Newspaper article The Journal (Newcastle, England)

'Masterpieces Must Be Kept in North' Campaigners Call to Keep Paintings Here

Newspaper article The Journal (Newcastle, England)

'Masterpieces Must Be Kept in North' Campaigners Call to Keep Paintings Here

Article excerpt

CALLS to keep the Zurbaran paintings in the North East were reissued yesterday as academics amassed in support of the art treasures.

Art and history experts gathered at Durham University's Grey College as part of growing opposition to the paintings' sale, urging church leaders to make the artefacts more accessible to North East families.

The works by Spanish Baroque artist Francisco Zurbaran are currently housed in Auckland Castle, Bishop Auckland, County Durham, but have been subject to controversial plans to sell them for pounds 15m.

The Church has said the money is crucial for funding efforts in poorer areas of the county.

Yesterday Bishop Auckland Civic Society chairman Dr Bob McManners gave a talk on the history of the group of 13 large paintings of Jacob and his 12 sons which have hung at the traditional home of the Bishop of Durham since they were bought and taken there in 1756 by Bishop Richard Trevor.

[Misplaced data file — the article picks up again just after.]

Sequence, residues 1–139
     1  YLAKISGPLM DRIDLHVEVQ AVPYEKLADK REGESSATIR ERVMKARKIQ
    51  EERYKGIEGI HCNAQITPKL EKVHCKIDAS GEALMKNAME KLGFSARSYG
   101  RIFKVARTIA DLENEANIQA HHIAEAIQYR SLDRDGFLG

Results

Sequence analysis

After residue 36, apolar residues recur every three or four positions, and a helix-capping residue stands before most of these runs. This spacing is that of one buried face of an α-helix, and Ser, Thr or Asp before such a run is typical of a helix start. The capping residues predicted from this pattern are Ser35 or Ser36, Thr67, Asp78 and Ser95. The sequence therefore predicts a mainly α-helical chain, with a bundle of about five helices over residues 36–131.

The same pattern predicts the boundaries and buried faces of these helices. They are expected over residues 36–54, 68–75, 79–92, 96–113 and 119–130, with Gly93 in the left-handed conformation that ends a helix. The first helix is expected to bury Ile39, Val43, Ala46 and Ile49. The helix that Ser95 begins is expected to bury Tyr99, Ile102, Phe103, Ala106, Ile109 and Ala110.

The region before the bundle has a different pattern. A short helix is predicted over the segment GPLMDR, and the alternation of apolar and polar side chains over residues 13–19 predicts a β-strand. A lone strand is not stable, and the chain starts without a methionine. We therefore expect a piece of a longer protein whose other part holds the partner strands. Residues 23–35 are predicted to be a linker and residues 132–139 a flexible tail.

Dr McManners, who was commissioned by the former Bishop of Durham, Dr Tom Wright, to write a book about the Zurbarans, had been invited by Henry Dyson, a fellow of Grey College, to give a lecture on the paintings before news of plans to sell them had emerged.

Around 70 supporters were in attendance at the event designed to boost the case for keeping the heritage items in the region. Dr Dyson said: "The Zurbarans are part of the North East heritage and should not be sold off.

"The Church Commissioners are guardians of the paintings but they are not theirs to sell. They belong to us all." Many at the lecture objected to the limited access to the paintings currently in place. They are only available for viewing on selected days.

Sarah Chamberlain, Grey College Association Secretary, said: "I am all in favour of the Zurbaran collection remaining in the North East, but nobody can expect the public to support a campaign to keep them here unless they are more accessible to the public at large. …

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